David Iben put it well when he said, 'Volatility is not a risk we care about. What we care about is avoiding the permanent loss of capital.' When we think about how risky a company is, we always like to look at its use of debt, since debt overload can lead to ruin. We note that Blue Financial Communication S.p.A. (BIT:BLUE) does have debt on its balance sheet. But is this debt a concern to shareholders?
Why Does Debt Bring Risk?
Debt is a tool to help businesses grow, but if a business is incapable of paying off its lenders, then it exists at their mercy. In the worst case scenario, a company can go bankrupt if it cannot pay its creditors. However, a more frequent (but still costly) occurrence is where a company must issue shares at bargain-basement prices, permanently diluting shareholders, just to shore up its balance sheet. Of course, the upside of debt is that it often represents cheap capital, especially when it replaces dilution in a company with the ability to reinvest at high rates of return. The first step when considering a company's debt levels is to consider its cash and debt together.
How Much Debt Does Blue Financial Communication Carry?
You can click the graphic below for the historical numbers, but it shows that as of December 2018 Blue Financial Communication had €1.10m of debt, an increase on €775.8k, over one year. However, because it has a cash reserve of €755.7k, its net debt is less, at about €344.3k.
How Strong Is Blue Financial Communication's Balance Sheet?
According to the last reported balance sheet, Blue Financial Communication had liabilities of €1.34m due within 12 months, and liabilities of €1.14m due beyond 12 months. Offsetting these obligations, it had cash of €755.7k as well as receivables valued at €1.54m due within 12 months. So its liabilities outweigh the sum of its cash and (near-term) receivables by €189.6k.
Given Blue Financial Communication has a market capitalization of €3.56m, it's hard to believe these liabilities pose much threat. But there are sufficient liabilities that we would certainly recommend shareholders continue to monitor the balance sheet, going forward.
We use two main ratios to inform us about debt levels relative to earnings. The first is net debt divided by earnings before interest, tax, depreciation, and amortization (EBITDA), while the second is how many times its earnings before interest and tax (EBIT) covers its interest expense (or its interest cover, for short). The advantage of this approach is that we take into account both the absolute quantum of debt (with net debt to EBITDA) and the actual interest expenses associated with that debt (with its interest cover ratio).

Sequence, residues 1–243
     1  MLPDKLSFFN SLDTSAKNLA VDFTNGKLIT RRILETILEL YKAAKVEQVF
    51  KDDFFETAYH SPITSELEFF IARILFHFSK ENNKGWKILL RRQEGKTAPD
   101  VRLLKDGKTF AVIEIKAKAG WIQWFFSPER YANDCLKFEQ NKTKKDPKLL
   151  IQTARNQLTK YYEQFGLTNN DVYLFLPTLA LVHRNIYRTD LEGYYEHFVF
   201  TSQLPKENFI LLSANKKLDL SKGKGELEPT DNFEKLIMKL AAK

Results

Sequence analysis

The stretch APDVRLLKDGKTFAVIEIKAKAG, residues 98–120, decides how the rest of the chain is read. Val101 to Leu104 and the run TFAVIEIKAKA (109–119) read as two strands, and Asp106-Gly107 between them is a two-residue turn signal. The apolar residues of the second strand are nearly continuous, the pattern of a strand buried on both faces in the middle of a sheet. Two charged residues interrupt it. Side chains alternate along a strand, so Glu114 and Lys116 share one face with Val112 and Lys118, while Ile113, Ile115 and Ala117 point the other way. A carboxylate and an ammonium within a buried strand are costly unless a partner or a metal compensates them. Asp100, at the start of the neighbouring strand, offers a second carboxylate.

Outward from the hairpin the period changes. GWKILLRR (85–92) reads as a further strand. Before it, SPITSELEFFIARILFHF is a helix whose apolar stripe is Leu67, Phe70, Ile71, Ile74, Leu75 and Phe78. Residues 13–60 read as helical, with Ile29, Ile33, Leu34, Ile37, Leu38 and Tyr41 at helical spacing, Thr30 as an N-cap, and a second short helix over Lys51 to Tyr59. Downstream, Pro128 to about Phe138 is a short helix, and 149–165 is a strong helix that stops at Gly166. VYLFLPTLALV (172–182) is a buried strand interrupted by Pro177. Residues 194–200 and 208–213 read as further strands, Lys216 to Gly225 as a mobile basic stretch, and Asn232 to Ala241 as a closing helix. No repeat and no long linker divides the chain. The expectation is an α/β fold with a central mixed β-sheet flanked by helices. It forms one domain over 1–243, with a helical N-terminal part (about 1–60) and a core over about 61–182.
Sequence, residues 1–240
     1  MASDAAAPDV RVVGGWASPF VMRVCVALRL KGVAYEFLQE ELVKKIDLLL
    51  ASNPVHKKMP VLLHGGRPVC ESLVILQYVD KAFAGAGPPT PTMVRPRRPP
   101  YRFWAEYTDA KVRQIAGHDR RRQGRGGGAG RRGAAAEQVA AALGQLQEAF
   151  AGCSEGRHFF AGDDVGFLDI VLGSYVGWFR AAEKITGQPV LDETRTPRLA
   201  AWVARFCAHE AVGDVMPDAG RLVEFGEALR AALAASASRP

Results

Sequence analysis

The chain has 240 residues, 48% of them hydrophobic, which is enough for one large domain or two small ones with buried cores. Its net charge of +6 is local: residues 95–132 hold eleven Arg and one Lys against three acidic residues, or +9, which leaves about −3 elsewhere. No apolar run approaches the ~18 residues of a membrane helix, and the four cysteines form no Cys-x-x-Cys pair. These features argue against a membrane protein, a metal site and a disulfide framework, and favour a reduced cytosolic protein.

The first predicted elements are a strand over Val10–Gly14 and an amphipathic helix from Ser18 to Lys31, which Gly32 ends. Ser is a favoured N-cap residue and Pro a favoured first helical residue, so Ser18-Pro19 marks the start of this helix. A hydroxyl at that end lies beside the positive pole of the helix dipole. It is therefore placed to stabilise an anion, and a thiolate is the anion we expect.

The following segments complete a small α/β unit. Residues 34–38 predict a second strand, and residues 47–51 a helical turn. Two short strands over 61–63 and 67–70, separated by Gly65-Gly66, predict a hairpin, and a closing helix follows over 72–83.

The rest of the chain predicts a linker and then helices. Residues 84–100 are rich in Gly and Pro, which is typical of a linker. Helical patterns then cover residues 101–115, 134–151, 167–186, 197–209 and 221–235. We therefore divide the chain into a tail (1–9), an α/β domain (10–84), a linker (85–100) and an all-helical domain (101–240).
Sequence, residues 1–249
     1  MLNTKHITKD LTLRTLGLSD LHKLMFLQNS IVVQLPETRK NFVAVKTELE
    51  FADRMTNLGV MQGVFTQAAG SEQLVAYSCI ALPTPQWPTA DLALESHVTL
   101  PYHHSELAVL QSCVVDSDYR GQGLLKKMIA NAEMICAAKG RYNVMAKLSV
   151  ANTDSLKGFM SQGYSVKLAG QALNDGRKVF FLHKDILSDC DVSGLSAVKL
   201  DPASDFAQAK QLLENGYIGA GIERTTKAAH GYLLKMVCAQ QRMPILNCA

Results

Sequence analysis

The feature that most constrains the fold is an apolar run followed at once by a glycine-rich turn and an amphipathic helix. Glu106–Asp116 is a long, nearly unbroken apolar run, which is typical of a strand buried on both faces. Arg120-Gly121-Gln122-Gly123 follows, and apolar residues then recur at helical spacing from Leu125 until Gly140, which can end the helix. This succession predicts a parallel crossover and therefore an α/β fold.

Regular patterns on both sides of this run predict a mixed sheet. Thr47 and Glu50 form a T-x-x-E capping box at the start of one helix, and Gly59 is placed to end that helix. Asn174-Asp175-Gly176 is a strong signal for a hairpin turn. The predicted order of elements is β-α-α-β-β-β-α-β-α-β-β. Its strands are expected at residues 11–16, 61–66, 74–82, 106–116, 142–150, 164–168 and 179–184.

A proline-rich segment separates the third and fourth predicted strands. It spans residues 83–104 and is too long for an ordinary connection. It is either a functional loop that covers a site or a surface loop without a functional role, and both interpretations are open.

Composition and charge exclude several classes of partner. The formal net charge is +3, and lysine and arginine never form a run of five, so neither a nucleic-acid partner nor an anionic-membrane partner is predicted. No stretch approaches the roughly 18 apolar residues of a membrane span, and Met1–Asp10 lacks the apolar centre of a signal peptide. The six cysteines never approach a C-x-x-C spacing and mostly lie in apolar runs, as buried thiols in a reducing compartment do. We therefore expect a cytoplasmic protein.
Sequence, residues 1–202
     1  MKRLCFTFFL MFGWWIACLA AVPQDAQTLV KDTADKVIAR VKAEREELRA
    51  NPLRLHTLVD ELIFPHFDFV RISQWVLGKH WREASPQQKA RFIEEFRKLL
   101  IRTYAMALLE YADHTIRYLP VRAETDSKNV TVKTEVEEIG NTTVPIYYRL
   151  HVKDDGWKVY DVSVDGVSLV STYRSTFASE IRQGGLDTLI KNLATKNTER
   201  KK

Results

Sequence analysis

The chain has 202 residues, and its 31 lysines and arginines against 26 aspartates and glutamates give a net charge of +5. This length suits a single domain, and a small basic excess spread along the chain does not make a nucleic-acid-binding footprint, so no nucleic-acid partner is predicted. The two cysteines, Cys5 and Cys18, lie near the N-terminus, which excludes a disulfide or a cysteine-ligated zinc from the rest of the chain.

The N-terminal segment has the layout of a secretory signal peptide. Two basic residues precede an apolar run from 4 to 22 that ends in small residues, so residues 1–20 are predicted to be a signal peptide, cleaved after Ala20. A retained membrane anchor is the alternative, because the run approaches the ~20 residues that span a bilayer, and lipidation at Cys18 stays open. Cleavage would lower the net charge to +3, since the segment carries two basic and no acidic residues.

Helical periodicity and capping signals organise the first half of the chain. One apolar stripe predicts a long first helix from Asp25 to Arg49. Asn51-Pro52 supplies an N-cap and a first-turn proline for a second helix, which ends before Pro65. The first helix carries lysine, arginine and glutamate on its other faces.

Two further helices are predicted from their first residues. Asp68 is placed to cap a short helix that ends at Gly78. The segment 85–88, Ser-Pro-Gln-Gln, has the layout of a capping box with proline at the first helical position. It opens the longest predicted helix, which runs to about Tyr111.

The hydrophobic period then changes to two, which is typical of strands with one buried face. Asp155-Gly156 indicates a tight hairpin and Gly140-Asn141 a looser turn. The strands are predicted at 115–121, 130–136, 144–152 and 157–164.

Looking at its net debt to EBITDA of 0.54 and interest cover of 4.7 times, it seems to us that Blue Financial Communication is probably using debt in a pretty reasonable way. But the interest payments are certainly sufficient to have us thinking about how affordable its debt is. Notably, Blue Financial Communication made a loss at the EBIT level, last year, but improved that to positive EBIT of €103k in the last twelve months. The balance sheet is clearly the area to focus on when you are analysing debt. But ultimately the future profitability of the business will decide if Blue Financial Communication can strengthen its balance sheet over time. So if you want to see what the professionals think, you might find this free report on analyst profit forecasts to be interesting.
Finally, a company can only pay off debt with cold hard cash, not accounting profits. So it is important to check how much of its earnings before interest and tax (EBIT) converts to actual free cash flow. Over the last year, Blue Financial Communication saw substantial negative free cash flow, in total. While that may be a result of expenditure for growth, it does make the debt far more risky.
Blue Financial Communication's conversion of EBIT to free cash flow was a real negative on this analysis, although the other factors we considered cast it in a significantly better light. For example, its net debt to EBITDA is relatively strong. We think that Blue Financial Communication's debt does make it a bit risky, after considering the aforementioned data points together. That's not necessarily a bad thing, since leverage can boost returns on equity, but it is something to be aware of. Given our hesitation about the stock, it would be good to know if Blue Financial Communication insiders have sold any shares recently. You click here to find out if insiders have sold recently.
If you're interested in investing in businesses that can grow profits without the burden of debt, then check out this free list of growing businesses that have net cash on the balance sheet.
We aim to bring you long-term focused research analysis driven by fundamental data. Note that our analysis may not factor in the latest price-sensitive company announcements or qualitative material.
If you spot an error that warrants correction, please contact the editor at email@example.com. This article by Simply Wall St is general in nature. It does not constitute a recommendation to buy or sell any stock, and does not take account of your objectives, or your financial situation. Simply Wall St has no position in the stocks mentioned. Thank you for reading.